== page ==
The JFF Blog Q’nD Generic Answer Series re: Hanging on to Asset’y Liabilities

Here’s the setting: Fictional Terry is nearing retirement.  Fictional Terry has a mortgage and is wondering whether, given the lousy returns in the bond market these days, it makes sense for Fictional Terry to reduce Fictional Terry’s cash and/or sell some of Fictional Terry’s bond holdings to pay off Fictional Terry’s mortgage.

Without knowing more, it’s hard to say. But, hey, this is the first in the JFF Blog Quick ‘n Dirty Generic Answers Series (the QnDGA Series), so here’s a Quick ‘n Dirty generic answer:

I continue to think that in many contexts a mortgage with a low interest rate (say, 4.5% or below) is likely to be a net positive over the long-term (a decade or more) — an asset’y liability, if you will. If we assume that Fictional Terry is someone who (a) currently has a steady income, and (b) has the power to increase that income if need be (e.g. something unexpected happens), and (c) has a balance sheet that is likely to be robust enough over the next ten years to pay off the mortgage whenever it appears to be a good time, and (d) has, most importantly, always shown an ability to be smart about spending, then to Fictional Terry I say:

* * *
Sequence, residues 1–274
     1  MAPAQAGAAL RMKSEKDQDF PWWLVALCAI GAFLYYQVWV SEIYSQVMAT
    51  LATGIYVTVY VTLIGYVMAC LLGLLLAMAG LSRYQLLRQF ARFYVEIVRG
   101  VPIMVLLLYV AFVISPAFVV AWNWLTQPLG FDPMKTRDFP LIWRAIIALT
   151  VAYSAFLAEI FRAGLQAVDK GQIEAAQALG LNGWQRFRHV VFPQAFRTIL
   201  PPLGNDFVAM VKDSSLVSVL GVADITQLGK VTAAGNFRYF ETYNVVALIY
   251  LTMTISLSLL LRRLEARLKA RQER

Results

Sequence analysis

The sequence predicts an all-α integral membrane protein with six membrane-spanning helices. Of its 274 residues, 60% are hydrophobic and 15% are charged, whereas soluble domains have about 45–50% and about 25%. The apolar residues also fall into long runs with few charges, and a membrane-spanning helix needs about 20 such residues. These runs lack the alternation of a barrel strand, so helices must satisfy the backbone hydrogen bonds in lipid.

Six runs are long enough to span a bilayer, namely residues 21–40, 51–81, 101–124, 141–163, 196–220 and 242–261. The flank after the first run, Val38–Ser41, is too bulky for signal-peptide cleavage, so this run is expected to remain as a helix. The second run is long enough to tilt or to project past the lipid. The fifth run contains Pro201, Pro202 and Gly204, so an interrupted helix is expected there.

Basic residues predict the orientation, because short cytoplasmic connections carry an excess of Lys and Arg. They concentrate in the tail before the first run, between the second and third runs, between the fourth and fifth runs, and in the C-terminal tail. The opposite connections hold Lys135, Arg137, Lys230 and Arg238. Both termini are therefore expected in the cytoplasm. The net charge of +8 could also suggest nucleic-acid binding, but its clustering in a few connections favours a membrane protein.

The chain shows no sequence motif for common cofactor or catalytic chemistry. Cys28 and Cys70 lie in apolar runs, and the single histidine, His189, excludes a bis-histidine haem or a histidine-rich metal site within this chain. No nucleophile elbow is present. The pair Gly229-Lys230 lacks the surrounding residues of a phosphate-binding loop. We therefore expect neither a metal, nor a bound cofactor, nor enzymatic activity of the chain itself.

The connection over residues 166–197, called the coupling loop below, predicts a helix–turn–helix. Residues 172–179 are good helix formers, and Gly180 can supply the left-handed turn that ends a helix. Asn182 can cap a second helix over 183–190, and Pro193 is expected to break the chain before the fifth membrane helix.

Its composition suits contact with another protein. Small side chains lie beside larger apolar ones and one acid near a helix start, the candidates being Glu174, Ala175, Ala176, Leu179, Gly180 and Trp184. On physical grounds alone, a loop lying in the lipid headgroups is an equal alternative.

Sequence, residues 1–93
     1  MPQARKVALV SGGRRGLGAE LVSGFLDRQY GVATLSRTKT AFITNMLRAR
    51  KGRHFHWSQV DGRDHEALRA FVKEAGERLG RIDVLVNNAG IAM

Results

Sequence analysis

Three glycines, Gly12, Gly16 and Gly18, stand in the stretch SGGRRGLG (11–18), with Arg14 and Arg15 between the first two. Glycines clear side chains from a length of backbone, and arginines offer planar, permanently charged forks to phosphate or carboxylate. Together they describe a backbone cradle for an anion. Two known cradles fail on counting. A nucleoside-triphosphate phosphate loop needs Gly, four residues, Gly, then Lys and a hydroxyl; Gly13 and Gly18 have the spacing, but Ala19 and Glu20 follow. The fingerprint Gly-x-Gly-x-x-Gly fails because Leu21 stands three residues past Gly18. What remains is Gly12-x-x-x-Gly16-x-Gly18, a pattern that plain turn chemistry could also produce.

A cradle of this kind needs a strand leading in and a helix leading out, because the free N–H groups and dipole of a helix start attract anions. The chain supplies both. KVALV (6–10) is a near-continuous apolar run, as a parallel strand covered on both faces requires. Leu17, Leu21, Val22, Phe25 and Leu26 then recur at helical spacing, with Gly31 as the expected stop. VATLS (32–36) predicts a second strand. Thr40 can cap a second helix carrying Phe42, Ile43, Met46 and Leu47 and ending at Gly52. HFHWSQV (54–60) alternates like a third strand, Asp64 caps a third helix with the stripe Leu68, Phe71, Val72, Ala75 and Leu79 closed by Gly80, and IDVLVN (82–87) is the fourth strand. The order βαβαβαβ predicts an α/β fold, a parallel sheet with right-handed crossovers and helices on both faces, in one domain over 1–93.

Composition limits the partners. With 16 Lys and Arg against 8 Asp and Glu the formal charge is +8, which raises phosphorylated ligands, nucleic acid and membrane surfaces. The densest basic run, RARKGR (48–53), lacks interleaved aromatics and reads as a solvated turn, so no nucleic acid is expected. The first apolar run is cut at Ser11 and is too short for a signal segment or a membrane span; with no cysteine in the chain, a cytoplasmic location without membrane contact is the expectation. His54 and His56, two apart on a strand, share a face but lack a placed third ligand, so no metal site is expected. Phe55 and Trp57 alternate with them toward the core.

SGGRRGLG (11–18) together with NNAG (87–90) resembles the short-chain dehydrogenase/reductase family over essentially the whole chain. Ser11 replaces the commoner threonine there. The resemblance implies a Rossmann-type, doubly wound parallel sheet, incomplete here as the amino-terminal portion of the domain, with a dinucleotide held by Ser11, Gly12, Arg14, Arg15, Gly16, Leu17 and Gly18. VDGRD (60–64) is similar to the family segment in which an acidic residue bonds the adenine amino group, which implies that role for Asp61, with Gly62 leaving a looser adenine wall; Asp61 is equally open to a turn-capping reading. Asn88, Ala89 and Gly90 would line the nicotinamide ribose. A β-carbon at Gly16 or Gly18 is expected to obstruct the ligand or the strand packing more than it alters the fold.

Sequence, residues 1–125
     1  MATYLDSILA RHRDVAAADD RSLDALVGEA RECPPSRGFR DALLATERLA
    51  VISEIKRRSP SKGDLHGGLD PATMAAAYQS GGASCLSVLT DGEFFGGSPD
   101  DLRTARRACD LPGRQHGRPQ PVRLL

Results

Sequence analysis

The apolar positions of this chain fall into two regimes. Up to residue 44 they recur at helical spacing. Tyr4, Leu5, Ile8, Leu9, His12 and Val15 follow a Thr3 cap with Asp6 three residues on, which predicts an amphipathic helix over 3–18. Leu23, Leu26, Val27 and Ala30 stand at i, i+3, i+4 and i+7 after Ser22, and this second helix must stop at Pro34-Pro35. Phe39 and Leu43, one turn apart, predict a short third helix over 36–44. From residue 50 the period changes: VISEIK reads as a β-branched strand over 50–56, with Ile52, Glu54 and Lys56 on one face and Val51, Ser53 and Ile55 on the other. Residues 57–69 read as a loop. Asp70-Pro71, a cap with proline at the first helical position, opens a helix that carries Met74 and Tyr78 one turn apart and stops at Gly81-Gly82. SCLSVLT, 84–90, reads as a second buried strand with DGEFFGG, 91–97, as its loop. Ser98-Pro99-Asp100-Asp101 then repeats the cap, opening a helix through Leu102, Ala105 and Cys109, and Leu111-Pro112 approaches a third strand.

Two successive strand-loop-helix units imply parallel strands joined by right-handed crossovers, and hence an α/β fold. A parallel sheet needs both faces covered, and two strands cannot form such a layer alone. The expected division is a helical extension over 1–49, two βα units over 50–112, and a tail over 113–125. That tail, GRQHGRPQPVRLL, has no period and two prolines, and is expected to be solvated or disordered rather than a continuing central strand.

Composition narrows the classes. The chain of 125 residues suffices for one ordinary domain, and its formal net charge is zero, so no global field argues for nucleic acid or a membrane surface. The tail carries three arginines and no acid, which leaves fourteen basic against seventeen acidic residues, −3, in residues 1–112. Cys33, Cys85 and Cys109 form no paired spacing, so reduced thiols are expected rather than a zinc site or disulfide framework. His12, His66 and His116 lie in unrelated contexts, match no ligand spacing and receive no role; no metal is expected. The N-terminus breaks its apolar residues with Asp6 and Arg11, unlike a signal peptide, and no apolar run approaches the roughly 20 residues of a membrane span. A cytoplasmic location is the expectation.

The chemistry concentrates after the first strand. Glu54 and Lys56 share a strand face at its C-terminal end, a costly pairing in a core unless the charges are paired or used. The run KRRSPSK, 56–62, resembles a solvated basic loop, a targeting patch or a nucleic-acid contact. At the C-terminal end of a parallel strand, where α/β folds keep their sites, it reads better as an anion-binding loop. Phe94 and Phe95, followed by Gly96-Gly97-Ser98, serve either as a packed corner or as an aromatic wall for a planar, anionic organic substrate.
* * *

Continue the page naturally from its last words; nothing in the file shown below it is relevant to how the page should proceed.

Let it ride, Fictional Terry, let it ride. If you ever want to pay the mortgage off, you always can. If and when you do, then some of your bond prices very well might have fallen (remember the Vice Versa Rule: interest rates up —> bond prices down, and vice versa, and consider that what most likely seems to lie ahead is interest-rates-up), but, hey, your mortgage is the mirror image of that, and, as your bonds devalue some, the implicit value in your mortgage will go up, too.

6% APY years will roam the earth again.  When they do, that 4.5% mortgage will look like a cashflow pump.

Note well: this answer is most definitely not for people who have spending problems.

312 words.


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